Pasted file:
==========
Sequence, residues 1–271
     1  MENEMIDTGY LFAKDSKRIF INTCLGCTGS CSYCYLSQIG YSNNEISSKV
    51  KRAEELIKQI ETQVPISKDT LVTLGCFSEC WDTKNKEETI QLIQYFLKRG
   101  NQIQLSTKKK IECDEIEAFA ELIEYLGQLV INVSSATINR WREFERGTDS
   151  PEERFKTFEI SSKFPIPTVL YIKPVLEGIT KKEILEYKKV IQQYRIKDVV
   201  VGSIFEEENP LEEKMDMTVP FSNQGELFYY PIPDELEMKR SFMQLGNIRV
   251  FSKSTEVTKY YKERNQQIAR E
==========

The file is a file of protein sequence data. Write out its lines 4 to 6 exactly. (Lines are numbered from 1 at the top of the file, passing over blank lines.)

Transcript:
   101  NQIQLSTKKK IECDEIEAFA ELIEYLGQLV INVSSATINR WREFERGTDS
   151  PEERFKTFEI SSKFPIPTVL YIKPVLEGIT KKEILEYKKV IQQYRIKDVV
   201  VGSIFEEENP LEEKMDMTVP FSNQGELFYY PIPDELEMKR SFMQLGNIRV